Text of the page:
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Marking the French Social Revolution of '68

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Marking the French Social Revolution of '68

Marking the French Social Revolution of '68

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STEVE INSKEEP, host:

Just like American politicians, some French politicians look at what they see wrong with their countries and they blame the '60s, the 1960s, which were a time of upheaval in France, too. Forty years ago today, in 1968, millions of French workers joined protesting students in a general strike. They briefly paralyzed the country, and they nearly brought down the government of President Charles de Gaulle. These days, the French president is Nicholas Sarkozy, and while campaigning, he brought up the legacy of that 1968 strike. He said it led to moral relativism and hedonistic individualism. As part of our occasional series, Echoes of 1968, NPR's Sylvia Poggioli visited Paris.

(Soundbite of crowd chatter)

SYLVIA POGGIOLI: French TV was on strike for most of May, so the story was told in pictures and radio reports.

(Soundbite of radio broadcast)

Unidentified Woman: (French spoken)

POGGIOLI: Serge Hambourg, then a young photo reporter, covered the protests from the start, early May, when students occupied Paris's hallowed Sorbonne University on the Left Bank. His camera captured a fast-forward transformation. In the early shots, students clashing with police wear jackets and ties and have sort haircuts. In the later ones, students have beards and wear sandals. He points to a picture of young men building barricades and ripping up cobblestones, assisted by local residents.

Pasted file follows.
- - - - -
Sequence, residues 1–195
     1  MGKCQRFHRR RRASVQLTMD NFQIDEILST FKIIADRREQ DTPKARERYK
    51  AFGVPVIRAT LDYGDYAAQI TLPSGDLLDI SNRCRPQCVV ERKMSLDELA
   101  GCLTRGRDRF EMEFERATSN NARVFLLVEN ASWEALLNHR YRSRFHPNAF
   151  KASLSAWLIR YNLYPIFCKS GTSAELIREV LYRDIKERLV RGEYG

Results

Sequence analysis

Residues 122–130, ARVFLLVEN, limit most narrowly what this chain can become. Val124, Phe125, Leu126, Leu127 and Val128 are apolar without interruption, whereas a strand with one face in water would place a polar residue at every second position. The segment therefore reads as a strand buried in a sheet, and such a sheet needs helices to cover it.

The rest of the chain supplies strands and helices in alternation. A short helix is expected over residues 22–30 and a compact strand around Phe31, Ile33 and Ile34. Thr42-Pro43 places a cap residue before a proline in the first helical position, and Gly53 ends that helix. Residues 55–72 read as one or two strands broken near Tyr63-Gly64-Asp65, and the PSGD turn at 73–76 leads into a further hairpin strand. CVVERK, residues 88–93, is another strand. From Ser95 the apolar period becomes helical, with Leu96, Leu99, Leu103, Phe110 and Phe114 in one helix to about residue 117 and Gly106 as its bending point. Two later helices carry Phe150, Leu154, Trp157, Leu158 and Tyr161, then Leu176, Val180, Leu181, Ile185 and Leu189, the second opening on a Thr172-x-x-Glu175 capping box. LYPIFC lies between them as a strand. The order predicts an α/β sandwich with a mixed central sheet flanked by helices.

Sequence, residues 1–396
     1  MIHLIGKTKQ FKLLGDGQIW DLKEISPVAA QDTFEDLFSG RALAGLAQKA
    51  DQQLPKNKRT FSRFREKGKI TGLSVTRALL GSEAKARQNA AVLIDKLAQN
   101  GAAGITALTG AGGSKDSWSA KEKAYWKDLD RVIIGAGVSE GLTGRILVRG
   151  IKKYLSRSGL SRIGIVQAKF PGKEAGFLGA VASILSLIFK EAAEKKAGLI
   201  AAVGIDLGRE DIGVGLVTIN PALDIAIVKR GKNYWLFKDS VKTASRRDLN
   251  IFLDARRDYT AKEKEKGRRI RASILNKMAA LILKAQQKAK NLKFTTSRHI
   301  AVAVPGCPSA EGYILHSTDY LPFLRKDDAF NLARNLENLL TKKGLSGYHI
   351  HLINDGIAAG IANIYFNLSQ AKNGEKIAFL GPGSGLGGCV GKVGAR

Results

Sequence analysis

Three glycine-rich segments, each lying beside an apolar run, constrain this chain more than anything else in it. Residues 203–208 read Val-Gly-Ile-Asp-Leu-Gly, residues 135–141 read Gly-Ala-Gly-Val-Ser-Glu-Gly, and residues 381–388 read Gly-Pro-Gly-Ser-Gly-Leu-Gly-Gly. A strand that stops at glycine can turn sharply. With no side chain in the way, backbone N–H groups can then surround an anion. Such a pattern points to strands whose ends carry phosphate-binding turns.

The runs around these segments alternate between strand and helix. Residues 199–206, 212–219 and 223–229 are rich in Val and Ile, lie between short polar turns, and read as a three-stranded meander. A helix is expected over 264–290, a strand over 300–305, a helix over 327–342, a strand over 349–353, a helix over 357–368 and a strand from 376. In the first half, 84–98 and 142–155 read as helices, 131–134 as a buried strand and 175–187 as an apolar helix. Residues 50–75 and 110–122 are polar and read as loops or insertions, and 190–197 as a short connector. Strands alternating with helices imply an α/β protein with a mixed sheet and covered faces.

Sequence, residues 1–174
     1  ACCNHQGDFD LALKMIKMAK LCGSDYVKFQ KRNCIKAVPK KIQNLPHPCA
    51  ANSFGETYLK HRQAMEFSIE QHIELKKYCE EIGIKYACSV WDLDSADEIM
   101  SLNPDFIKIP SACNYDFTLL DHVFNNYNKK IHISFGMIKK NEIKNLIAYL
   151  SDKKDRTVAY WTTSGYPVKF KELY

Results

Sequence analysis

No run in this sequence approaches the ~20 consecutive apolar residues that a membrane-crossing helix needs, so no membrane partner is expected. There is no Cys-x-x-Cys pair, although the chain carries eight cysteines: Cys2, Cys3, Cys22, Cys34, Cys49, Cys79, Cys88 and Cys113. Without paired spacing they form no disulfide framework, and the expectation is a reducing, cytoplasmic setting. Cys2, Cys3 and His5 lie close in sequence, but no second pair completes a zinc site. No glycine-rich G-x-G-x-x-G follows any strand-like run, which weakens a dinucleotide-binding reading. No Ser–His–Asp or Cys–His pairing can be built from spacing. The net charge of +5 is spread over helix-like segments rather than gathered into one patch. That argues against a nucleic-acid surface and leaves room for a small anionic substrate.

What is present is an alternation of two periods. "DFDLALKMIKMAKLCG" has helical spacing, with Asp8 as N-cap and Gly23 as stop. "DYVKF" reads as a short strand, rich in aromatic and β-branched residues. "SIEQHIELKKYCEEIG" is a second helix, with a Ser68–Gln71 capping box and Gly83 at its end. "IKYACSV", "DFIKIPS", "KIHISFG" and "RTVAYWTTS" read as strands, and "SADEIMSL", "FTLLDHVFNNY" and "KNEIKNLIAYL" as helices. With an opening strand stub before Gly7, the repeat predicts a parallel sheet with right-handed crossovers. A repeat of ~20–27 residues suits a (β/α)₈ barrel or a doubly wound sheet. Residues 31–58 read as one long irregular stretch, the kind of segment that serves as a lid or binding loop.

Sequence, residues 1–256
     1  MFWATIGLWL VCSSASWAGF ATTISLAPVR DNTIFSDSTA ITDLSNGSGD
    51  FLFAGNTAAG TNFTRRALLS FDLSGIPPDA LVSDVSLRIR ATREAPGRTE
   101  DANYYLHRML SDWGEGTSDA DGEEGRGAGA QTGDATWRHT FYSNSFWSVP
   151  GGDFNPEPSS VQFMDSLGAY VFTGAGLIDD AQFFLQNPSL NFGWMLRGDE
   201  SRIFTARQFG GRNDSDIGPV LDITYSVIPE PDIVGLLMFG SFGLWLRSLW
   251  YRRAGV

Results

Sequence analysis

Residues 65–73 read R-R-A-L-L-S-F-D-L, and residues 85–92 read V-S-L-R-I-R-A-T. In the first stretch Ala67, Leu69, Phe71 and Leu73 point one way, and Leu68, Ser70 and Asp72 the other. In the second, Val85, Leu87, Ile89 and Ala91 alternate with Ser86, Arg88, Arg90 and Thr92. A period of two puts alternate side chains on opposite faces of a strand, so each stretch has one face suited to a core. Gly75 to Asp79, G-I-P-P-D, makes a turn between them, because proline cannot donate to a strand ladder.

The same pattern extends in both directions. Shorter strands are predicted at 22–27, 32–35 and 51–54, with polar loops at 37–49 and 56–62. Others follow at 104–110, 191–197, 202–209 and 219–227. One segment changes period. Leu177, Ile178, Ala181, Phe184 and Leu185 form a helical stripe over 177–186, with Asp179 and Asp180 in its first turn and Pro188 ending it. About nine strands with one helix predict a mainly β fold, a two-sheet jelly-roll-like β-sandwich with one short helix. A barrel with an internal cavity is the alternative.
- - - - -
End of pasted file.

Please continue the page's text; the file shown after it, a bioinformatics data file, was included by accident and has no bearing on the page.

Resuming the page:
Mr. SERGE HAMBOURG (Photo Reporter): It was so exciting, and everybody has some complaint against the government, so everybody has a reason to complain and to fight - a worker, a student, an old guy, a new guy, you can see.

POGGIOLI: In May 1968, Charles de Gaulle was France's paternalistic president. He ruled over a newly prosperous but rigidly conservative society. Woman couldn't wear pants to work, and married ones needed a husband's permission to open a bank account. Homosexuality was a crime. Factory workers could be fired at will, and the overcrowded educational system was authoritarian. Postwar patriarchal France was unprepared for the onslaught of the baby boom generation. Kids challenged an uptight society to become modern and democratic. Society responded with collective self-examination.

(Soundbite of cars)

POGGIOLI: In those weeks of May 40 years ago, the Left Bank became one large debating society. It was a moveable feast of talk. The center was here, the Grand Odeon theater, whose director, the legendary actor Jean-Louis Barrault, threw open the doors for open-ended discussions. And everyone took the stage: agitating students, sympathetic local residents and celebrated intellectuals, curious tourists, striking workers and idled managers of occupied factories. For a brief moment, utopian dreams and political action merged seamlessly into the joyful pleasure of living life to the fullest.

Mr. HENRI WEBER (Socialist MP, European Parliament): (Through translator) Our generation enjoyed an unprecedented optimism. We were Promethean.

POGGIOLI: Henri Weber is a socialist MP in the European Parliament. Four decades ago, he was on the barricades. He says no one knew what unemployment was. His generation believed in the anti-colonial movement and the technological revolution.

Mr. WEBER: (Through translator) We experienced utopia, a moment where everyone could live a full and intense life. The watchword was live without pause, enjoy pleasure without restraint.